How To File For A Provisional Patent

If you have a brilliant idea for a new invention, you may want to protect it from being copied or stolen by others.

But applying for a regular patent can be a long, complex, and expensive process.

That’s why many inventors choose to file for a provisional patent first.

A provisional patent is a simple and low-cost way to secure your priority date and claim the “patent pending” status for your invention.

In this article, I will explain what a provisional patent is, what are its benefits and disadvantages, and how to file for one in 2024. Let’s get started.

How To File For A Provisional PatentCourtesy:Booth uddall fuller
How To File For A Provisional Patent
Courtesy:Booth uddall fuller

What is a Provisional Patent?

A provisional patent is a legal document that you can file with the United States Patent and Trademark Office (USPTO) to establish an early filing date for your invention.

It is not a full patent, but rather a placeholder that gives you 12 months to decide whether you want to pursue a nonprovisional patent or not.

A provisional patent does not require a formal patent claim, an oath or declaration, or an information disclosure statement.

It also does not undergo examination by the USPTO.

All you need to do is to provide a written description and drawings of your invention, pay a filing fee, and submit a cover sheet.

You can file a provisional patent online using the Patent Center or by mail.

What are the Benefits and Disadvantages of a Provisional Patent?

The main benefit of a provisional patent is that it allows you to secure your position as the “first to file” for your invention.

This means that if someone else files a patent application for the same or a similar invention after you, you will have the priority right to obtain a patent.

A provisional patent also lets you use the term “patent pending” to describe your invention, which can deter potential infringers and attract investors or customers.

Moreover, a provisional patent is simpler and cheaper to prepare and file than a nonprovisional patent.

You don’t need to write a patent claim, which defines the scope of your invention and its legal protection.

You also don’t need to hire a patent attorney, although it is advisable to consult one before filing.

The filing fee for a provisional patent ranges from $75 to $300, depending on your entity status.

The main disadvantage of a provisional patent is that it does not grant you any patent rights.

It is only a temporary measure that expires after 12 months.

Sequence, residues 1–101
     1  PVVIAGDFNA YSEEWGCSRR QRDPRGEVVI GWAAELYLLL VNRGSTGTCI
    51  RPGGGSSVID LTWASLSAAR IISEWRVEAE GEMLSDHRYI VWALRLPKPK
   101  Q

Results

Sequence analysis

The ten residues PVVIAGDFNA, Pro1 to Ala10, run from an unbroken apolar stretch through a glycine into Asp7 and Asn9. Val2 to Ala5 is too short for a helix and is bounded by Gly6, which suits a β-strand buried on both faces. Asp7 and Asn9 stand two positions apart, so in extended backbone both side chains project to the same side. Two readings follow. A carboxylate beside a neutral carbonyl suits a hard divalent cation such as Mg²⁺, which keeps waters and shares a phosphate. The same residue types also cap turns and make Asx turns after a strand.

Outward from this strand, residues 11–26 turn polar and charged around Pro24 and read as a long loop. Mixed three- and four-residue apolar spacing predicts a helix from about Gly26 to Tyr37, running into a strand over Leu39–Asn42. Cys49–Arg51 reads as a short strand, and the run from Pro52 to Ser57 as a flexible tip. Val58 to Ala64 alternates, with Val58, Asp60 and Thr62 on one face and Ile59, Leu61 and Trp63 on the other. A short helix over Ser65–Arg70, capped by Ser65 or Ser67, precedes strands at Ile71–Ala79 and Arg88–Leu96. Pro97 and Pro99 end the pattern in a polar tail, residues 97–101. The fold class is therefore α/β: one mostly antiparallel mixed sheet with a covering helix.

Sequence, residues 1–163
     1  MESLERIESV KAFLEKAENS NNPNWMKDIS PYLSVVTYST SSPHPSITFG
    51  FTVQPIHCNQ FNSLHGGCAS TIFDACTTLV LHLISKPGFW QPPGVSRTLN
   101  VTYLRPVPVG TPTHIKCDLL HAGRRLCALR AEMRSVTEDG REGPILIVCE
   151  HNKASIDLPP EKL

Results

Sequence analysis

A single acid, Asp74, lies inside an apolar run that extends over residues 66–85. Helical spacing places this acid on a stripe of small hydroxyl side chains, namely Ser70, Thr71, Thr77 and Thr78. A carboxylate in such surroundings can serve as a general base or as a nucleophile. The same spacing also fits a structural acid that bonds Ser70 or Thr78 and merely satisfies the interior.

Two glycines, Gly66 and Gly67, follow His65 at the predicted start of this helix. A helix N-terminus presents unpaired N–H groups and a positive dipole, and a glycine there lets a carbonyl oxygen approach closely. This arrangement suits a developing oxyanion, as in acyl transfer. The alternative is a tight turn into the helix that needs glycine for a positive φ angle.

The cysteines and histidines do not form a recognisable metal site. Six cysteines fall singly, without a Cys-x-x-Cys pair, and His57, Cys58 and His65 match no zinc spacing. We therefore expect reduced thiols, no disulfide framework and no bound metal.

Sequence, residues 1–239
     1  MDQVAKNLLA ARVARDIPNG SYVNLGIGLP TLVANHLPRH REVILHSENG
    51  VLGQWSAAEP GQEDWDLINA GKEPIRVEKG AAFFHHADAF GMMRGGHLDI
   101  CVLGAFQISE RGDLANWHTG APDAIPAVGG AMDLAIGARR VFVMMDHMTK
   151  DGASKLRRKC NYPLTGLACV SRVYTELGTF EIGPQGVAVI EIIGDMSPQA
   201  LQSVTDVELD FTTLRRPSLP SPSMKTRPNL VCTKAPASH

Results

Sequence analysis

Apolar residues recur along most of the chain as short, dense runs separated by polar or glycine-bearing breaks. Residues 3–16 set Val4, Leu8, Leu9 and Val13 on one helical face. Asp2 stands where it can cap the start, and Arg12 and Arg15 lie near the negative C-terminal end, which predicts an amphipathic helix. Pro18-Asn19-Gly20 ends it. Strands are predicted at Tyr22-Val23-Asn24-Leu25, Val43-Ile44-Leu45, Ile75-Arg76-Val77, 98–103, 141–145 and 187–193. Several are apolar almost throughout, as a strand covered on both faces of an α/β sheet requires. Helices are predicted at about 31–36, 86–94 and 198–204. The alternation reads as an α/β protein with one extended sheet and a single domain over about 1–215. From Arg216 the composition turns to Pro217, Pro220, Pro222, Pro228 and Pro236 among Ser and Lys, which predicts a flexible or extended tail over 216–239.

If you want to obtain a patent for your invention, you must file a nonprovisional patent application within that period, or else you will lose the benefit of your provisional patent.

Filing a nonprovisional patent application is more complicated and costly than filing a provisional patent.

You will need to write a patent claim, an oath or declaration, and an information disclosure statement.

You will also need to pay a higher filing fee, which can range from $430 to $1,720, depending on your entity status.

Additionally, your nonprovisional patent application will be examined by the USPTO, which can take several years and may result in rejections or objections.

How to File for a Provisional Patent?

If you decide to file for a provisional patent, here are the steps you need to follow:

  1. Make sure your invention is eligible and unique. A provisional patent can only be filed for utility and plant inventions, not for design inventions. You also need to check if your invention is novel, useful, and non-obvious, which are the basic requirements for patentability. You can do this by conducting a patent search on the USPTO website or using other online tools. You should also avoid disclosing your invention to the public before filing, as this may affect your patent rights.
  2. Prepare your provisional patent application. Your provisional patent application should include a title, an abstract, a detailed description, and drawings of your invention. The title should be clear and concise, and reflect the essence of your invention. The abstract should be a brief summary of your invention, no more than 150 words.
  3. Submit your provisional patent application. You can submit your provisional patent application online using the Patent Center or by mail. To use the Patent Center, you need to register as an unregistered filer or a registered filer. An unregistered filer can only submit one provisional patent application at a time, while a registered filer can submit multiple applications and access other features. To register, you need to create a USPTO.gov account and verify your identity.

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